PBY Catalina In Action. Book by David Doyle. Squadron Signal Books. The iconic PBY Catalina was not only the work horse of the U.S. Navy's patrol bomber units during World War II, but also served admirably with the Royal Air Force, Royal Canadian Air Force, and others. Airmen aboard British PBYs were the first to spot the German battleship Bismarck when it broke out into the North Atlantic in May 1941, and U.S. Navy PBY crewmen were the first to observe the Japanese fleet as it stole towards Midway Islands in June 1942. In addition to keeping a watchful eye out for enemy activities, Catalina crews also rescued countless downed airmen as well as sailors from stricken ships. Through daring bomb and depth-charge attacks on enemy vessels, Catalina airmen also contributed directly to the defeat of the Axis powers in combat. This all-new 80-page volume from Squadron tells the story of the Catalina through over 200 vintage photos, over 30 of which are in color, as well as eight color profiles and numerous detailed line drawings. Illustrated with more than 210 photographs; 80 pages.
F4U Corsair in Action. Book by Jim Sullivan. Squadron Signal Books. Updated and expanded with 53 exciting new photographs in 16 all new, additional pages. Bringing to mind the exploits of 'Pappy' Boyington and his 'Blacksheep Squadron' and Tommy Blackburn with the 'Jolly Rogers,' the Corsair is among the most formidable US fighters of World War II. The F4U maintained a kill ratio of 11:1 according to the United States Navy and went on to serve American forces in Korea, holding its own in the early years of the jet age. The Corsair was first conceived as a high-speed, high-altitude fighter for the Navy in 1938 when Chance Vought's design team drew up plans for a fighter with a 1,800 hp engine and a huge 13-foot propeller. The Corsair's famous inverted gull wing design was introduced to allow prop clearance. Handling problems delayed the aircraft's deployment aboard carriers, but Marine Corps pilots quickly took to the powerful, rugged fighter and VMF-124, the first Marine squadron to fly the Corsair in combat, also produced the first Corsair air ace, Kenneth A. Walsh, by the summer of 1943. A total of 12,571 Corsairs were built between 1940 and 1952, most of them by Vought, but hundreds by Goodyear and Brewster as those companies' assembly lines had to be pressed into service to meet soaring demand for the remarkable aircraft. This exhaustive volume surveys the history of the Corsair from its first prototype to the restored warbirds that have continued to delight air show audiences down to the present day. Illustrated with 229 photographs, plus color profiles and detailed line drawings; 80 pages.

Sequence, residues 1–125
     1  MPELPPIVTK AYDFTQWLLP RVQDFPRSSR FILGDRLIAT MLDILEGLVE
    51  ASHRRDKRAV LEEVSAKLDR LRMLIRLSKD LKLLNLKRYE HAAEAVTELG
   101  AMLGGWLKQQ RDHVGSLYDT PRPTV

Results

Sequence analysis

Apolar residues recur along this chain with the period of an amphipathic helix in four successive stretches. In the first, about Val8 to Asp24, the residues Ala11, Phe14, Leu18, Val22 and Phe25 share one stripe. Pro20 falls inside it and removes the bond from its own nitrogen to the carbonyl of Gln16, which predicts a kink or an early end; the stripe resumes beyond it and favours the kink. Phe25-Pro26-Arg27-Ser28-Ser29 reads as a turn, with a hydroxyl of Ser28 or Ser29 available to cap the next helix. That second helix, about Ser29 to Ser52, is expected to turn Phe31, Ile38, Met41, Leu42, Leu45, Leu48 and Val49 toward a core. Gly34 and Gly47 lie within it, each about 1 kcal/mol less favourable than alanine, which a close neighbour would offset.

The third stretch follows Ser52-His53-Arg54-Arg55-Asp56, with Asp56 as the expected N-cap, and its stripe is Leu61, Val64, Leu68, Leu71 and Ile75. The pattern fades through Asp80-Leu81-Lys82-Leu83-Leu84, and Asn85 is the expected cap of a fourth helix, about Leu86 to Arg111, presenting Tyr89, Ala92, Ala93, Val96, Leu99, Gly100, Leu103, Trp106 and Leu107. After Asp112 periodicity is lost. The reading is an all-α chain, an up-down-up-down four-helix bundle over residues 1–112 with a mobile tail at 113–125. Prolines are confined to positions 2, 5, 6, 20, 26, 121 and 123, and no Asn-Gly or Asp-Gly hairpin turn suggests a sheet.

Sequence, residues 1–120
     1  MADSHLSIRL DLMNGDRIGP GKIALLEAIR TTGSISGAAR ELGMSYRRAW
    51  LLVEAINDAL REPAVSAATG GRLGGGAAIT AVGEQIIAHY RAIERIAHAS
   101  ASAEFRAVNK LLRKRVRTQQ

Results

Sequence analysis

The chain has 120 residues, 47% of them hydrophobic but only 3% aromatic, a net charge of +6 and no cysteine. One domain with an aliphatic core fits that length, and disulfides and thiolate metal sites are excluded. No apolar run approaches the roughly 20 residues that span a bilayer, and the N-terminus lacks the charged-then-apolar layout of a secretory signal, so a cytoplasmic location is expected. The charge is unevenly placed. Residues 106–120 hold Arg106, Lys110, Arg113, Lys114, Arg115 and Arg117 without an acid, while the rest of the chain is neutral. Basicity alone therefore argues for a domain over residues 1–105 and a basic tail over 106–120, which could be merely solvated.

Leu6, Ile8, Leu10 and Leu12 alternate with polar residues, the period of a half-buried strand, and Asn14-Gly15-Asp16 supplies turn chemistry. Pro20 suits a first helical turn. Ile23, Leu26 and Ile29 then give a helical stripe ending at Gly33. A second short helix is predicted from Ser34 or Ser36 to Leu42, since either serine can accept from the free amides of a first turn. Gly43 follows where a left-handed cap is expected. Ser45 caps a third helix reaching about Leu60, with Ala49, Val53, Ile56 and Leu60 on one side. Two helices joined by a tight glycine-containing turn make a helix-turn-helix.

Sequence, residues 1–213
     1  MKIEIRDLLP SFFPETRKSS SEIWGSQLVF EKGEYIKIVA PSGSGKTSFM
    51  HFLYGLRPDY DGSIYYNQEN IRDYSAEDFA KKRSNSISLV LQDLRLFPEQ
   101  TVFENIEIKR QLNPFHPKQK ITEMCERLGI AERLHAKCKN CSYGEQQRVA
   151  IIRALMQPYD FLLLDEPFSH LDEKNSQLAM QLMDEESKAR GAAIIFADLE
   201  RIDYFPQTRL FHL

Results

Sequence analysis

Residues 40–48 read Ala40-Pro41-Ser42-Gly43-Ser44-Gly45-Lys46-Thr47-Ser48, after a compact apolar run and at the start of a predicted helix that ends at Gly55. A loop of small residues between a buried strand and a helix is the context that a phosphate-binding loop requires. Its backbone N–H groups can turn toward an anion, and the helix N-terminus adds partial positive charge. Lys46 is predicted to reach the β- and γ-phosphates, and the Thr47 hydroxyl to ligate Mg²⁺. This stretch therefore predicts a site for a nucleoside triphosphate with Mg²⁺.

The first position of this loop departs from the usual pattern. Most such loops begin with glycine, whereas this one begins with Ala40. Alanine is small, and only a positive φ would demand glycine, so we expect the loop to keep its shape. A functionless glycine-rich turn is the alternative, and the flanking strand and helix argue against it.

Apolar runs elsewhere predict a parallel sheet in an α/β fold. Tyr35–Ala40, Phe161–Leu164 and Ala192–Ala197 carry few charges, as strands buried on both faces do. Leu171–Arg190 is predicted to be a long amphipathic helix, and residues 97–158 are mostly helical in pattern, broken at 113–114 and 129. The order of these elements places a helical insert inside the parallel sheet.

Doyle. The Iowa-class battleships were America's – and the world’s – last active battleships, serving as recently as 1995. Back in the World War II era, six of the class were ordered, and four completed: Iowa, New Jersey, Missouri and Wisconsin. The Missouri rose to fame as the site of the Japanese surrender ending WWII. Each armed with nine 16-inch rifles able to hurl 2,700-lb shells more than 23 miles, the Iowas were capable of combating formidable sea-going foes. In actuality, however, their huge main guns were used instead, to shell enemy land positions during WWII, Korea, Vietnam, and the Gulf War. In later years their original arrays of 16-inch and five-inch guns were augmented with missiles, including the Harpoon as well as the Tomahawk cruise missiles. Explore the decks and depths of these mighty warships, once home to thousands of sailors, 88 pages packed with over 270 color photos, carefully chosen to show the subtle differences between these four near-identical ships.